Managing Cash Flow During the COVID-19 Pandemic and Other Preparation Tips

March 20, 2020

As consultants we are in daily communication with surgeons across the country. In the last few days, calls and emails have spiked from concerned doctors and managers worried about making payroll or paying the credit card bill. Surgeons are making difficult decisions about patients, staff, and the practice.

Consider these nine strategies to manage cash flow during the COVID-19 Pandemic.

1..Evaluate options for performing surgery – emergency only or can you still do elective cases? The recommendations and restrictions are changing by the hour, but most states are stopping all elective cases, though the term elective could be subjective.

The American College of Surgeons suggests using the Elective Surgery Acuity Scale from St. Louis University to assist in the surgical decision-making process to triage non-emergent operations. Check with your specialty society on other specific recommendations.

2. Implement telehealth visits. One office we work with is calling post-op patients at their scheduled time to prevent an unnecessary trip to the office. Though a phone call is not a true telehealth visit, it is a viable option for a quick check-in with patients who are in a global period.

Check with your EHR vendor about integrated telemedicine technology for conducting virtual visits. Outside vendors to evaluate include Doxy.me (offers a free solution), OrthoLive and Rezilient. A long term plan to offer telehealth visits will help preserve some cash flow when you cannot operate.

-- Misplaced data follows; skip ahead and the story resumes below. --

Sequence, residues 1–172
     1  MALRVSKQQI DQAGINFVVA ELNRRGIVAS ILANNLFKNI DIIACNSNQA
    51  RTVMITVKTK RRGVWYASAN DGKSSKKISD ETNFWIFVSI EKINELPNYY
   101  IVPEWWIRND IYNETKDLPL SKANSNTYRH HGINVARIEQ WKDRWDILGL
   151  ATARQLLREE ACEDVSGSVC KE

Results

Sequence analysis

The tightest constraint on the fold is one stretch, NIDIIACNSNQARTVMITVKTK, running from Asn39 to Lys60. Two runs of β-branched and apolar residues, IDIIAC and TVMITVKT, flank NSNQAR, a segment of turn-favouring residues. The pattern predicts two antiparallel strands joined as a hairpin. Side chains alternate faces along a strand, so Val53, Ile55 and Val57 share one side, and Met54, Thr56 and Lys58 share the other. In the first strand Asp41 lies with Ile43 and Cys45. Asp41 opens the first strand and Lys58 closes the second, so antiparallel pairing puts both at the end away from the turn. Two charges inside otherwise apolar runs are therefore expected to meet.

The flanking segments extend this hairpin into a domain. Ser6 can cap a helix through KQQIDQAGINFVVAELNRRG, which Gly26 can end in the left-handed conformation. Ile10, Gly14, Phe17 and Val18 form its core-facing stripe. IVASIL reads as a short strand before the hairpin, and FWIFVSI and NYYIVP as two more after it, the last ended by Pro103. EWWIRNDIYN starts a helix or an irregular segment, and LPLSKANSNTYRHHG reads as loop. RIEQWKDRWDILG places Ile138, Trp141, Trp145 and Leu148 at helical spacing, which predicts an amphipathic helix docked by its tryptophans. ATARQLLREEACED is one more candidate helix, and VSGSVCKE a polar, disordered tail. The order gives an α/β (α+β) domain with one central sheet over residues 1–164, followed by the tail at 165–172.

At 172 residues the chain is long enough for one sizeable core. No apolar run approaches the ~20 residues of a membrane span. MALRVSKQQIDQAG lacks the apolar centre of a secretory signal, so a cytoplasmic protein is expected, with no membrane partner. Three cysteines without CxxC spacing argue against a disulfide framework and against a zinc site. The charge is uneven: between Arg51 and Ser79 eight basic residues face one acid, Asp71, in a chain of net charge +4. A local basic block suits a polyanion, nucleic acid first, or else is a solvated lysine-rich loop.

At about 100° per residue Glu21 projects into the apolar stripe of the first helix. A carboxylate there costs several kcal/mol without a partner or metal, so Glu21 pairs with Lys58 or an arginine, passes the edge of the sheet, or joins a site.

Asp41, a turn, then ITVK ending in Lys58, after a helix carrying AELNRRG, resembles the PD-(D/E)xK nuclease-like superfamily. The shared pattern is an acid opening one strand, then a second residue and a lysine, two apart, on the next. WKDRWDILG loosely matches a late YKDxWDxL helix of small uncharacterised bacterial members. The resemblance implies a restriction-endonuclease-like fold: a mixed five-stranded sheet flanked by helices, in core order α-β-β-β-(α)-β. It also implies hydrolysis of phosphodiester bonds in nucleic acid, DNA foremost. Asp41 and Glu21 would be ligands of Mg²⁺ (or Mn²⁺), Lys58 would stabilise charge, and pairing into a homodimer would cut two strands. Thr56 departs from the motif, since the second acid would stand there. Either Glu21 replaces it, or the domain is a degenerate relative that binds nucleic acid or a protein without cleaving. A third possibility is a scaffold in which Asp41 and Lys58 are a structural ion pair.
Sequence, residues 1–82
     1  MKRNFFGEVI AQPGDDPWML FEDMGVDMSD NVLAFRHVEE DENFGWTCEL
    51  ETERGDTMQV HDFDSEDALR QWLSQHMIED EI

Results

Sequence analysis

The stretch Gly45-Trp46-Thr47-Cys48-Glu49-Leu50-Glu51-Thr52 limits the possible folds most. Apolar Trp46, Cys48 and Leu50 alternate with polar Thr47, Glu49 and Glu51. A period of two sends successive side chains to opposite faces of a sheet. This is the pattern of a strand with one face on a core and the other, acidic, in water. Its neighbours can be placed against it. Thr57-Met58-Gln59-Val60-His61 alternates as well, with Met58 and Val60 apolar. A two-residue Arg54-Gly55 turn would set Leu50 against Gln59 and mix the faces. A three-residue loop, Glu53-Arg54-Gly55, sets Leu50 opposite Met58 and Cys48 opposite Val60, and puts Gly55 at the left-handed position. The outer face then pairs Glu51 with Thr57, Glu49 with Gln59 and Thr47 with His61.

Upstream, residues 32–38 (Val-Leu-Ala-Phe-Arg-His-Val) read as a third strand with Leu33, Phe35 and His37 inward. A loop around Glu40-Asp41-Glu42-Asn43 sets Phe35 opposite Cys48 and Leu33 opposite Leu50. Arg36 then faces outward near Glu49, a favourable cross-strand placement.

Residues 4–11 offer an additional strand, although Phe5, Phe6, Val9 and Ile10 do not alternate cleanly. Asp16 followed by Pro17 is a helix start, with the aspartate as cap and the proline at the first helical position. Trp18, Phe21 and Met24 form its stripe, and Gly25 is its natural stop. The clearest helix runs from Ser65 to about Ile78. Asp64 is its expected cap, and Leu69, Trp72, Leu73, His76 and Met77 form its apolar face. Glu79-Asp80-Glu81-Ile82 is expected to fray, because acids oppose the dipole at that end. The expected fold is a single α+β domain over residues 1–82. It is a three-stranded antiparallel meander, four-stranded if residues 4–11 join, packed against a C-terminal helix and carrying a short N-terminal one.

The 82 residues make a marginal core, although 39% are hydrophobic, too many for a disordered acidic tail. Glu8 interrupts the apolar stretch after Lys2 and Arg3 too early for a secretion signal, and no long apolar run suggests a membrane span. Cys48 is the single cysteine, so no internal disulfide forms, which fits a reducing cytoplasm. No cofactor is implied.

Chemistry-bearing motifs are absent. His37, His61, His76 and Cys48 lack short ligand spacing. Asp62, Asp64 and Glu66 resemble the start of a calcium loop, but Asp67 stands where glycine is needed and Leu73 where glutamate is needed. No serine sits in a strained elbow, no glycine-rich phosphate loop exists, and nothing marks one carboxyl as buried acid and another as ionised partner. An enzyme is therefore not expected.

The government is relaxing telemedicine requirements to allow for payable visits through expanded technology. The legislation is changing daily. The Center for Connected Health Policy developed a helpful fact sheet summarizing the developments to date. Check back as it is a living document that will continue to be updated as enhancements are announced.

Be sure to read our blog post on operationalizing telehealth into your practice.

3. Consider scaling back office hours and/or wages. Some offices are converting to a four-day work week effective immediately. Others are cutting hours and reducing wages by 10%. Still another practice is committed to paying employees full wages for up to four weeks and will re-evaluate at that time.

4. Set up 1-2 employees to answer calls and schedule appointments from home if needed. Refer to the Telework policy provided by the Medical Risk Institute and ensure appropriate precautions are taken to maintain security and privacy of practice information and Protected Health Information (PHI). Consider providing remote workers a practice laptop that is used exclusively for practice work rather than a home computer shared by family members.

Check with your phone vendor about remote options. Most modern phone systems provide portability where business calls can be answered from a virtual line. Otherwise, look to forward calls to another number should the office be closed or staff need to work from home.